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The head of the French archdiocese where an elderly priest was murdered two and a half years ago by Islamic extremists has been granted a special status in the criminal investigation of the assassination, giving him access to information that could help in the Church’s own examination of the possible sainthood of the priest.
Two men stabbed Fr. Jacques Hamel to death while he was celebrating Mass on July 26, 2016. The two came into the church just after Communion had ended, shouting “Allahu Akbar!”
Hamel, 86, was assistant priest at Saint-Étienne-du-Rouvray, a working-class suburb of Rouen. He had served as a priest for 58 years and chose to continue his ministry even after his formal retirement in 2005.
Religious dialogue was important to the priest, who had served on a local interfaith committee. After his death, local imam Mohammed Karabila, the president of Normandy’s regional council of Muslims, spoke publicly about their friendship and his admiration for Hamel’s life of service. On the first Sunday after the murder, Muslims attended Mass in churches across France as a sign of solidarity with Catholics and respect for Hamel.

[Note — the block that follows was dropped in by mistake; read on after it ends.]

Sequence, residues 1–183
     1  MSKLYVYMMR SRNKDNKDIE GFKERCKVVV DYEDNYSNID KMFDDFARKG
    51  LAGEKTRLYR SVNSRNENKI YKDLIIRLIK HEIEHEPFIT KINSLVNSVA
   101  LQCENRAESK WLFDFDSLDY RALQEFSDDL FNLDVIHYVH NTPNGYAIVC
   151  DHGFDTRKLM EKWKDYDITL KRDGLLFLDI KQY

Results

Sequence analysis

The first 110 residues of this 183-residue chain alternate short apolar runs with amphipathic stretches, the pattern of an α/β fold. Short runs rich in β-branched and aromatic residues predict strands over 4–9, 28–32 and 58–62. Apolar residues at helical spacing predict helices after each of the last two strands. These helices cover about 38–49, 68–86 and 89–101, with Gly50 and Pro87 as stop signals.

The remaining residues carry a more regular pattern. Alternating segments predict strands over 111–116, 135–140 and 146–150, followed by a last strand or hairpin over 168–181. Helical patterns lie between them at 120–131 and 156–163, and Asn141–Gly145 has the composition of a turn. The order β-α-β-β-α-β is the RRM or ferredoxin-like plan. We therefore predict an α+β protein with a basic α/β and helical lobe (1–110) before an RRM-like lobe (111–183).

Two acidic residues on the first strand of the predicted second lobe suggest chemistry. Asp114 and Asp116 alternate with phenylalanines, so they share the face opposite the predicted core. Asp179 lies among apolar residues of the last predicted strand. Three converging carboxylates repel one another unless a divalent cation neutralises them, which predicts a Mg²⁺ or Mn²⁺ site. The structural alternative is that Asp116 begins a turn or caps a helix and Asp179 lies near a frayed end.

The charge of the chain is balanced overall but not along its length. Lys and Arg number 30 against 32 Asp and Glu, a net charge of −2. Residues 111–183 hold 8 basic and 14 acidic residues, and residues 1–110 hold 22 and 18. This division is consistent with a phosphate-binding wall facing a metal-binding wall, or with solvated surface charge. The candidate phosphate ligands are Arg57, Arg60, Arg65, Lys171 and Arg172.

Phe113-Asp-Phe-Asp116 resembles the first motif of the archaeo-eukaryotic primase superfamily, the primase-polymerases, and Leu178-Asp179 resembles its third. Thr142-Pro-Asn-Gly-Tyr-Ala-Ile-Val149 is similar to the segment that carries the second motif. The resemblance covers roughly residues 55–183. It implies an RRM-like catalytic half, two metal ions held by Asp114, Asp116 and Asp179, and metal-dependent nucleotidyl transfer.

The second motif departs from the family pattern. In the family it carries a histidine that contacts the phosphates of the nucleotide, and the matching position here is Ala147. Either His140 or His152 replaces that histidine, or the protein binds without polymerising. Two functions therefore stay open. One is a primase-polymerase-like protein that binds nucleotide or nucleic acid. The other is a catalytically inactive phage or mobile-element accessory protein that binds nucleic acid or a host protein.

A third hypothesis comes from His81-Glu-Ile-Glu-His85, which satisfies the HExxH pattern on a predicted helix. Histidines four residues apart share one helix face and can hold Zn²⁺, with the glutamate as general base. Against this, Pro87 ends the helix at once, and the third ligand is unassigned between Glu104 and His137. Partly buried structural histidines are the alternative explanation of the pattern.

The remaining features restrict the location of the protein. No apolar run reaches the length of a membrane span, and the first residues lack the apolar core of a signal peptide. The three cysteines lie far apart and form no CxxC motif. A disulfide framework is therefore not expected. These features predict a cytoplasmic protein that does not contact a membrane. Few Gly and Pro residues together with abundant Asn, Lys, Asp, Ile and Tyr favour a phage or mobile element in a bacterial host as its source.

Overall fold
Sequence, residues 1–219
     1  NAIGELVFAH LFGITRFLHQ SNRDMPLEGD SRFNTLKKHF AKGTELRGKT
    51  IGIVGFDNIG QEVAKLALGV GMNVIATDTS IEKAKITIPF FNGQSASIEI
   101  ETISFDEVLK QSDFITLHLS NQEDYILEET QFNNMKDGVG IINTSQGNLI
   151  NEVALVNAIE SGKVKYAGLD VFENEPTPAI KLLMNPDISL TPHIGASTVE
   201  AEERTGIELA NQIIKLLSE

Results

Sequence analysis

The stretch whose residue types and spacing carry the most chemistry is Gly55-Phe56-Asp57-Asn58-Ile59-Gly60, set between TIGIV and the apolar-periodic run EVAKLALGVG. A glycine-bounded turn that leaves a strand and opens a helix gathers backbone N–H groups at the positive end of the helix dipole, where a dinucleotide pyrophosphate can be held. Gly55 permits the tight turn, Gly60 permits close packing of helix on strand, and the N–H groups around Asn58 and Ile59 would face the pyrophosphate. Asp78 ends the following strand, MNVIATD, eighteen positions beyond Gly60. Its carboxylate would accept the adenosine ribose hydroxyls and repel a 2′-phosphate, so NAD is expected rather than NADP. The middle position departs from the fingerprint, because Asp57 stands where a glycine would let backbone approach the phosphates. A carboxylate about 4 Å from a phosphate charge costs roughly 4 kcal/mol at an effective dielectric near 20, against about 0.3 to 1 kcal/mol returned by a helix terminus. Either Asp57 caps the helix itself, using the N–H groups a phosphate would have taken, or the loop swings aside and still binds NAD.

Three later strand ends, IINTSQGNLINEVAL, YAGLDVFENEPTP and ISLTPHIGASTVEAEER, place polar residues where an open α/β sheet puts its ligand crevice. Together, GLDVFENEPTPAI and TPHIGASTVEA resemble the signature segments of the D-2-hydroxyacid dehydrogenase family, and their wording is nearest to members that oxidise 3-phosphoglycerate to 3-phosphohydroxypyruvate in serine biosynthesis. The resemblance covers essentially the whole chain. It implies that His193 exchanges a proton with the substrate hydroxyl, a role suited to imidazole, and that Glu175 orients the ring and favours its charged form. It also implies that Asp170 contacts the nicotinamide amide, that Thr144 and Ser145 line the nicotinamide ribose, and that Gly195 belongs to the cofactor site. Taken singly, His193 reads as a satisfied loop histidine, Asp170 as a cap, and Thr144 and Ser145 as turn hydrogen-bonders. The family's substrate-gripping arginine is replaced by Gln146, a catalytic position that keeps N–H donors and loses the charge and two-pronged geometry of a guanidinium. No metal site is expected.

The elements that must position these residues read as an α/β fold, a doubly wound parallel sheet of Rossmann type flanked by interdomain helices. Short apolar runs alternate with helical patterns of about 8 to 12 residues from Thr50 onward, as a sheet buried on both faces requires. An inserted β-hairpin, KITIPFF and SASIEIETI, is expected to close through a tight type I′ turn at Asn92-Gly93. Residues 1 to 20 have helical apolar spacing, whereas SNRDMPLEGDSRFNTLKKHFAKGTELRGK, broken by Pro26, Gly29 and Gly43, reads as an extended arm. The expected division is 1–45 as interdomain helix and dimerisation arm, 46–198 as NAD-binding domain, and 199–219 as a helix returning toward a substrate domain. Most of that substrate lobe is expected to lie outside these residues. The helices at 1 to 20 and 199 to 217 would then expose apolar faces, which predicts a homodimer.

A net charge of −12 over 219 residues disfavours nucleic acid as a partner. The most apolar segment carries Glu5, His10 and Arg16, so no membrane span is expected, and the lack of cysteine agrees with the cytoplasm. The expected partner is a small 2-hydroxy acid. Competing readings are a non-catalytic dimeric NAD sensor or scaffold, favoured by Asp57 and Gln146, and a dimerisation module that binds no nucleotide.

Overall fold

In the midst of a worldwide outcry over the persecution of Christians in the Middle East, who were under fire from forces of the Islamic State group, there were immediate calls for Fr. Hamel to be canonized. Pope Francis, who has referred to the priest as a “martyr” and as “blessed,” a term that suggests the stage before a person is canonized in the Roman Catholic Church, granted an exemption to the five-year waiting period that is normally imposed before a canonization process can begin.
Authorities in the northern province of Rouen are looking into whether the two murderers had accomplices. Responding to the Archdiocese of Rouen’s request, Magistrate Emmanuelle Robinson on Monday granted Archbishop Dominique Lebrun the status of “civil party.”
This means that the archbishop will have access to the file in the secret investigation. Information found there, including a minute-by-minute account of what happened and what was said, testimonies and autopsies, might also help advance the cause of Fr. Hamel’s canonization.
In an interview with the French daily Le Figaro last May, Archbishop Lebrun said the request to become a civil party in the case was “essentially at the service of the beatification process that must establish the circumstances of death, especially the dialogues that the killers had with those present.”
“French justice is more competent than me to collect these elements,” he said. “In order to have access to the criminal file, you have to become a civil party.”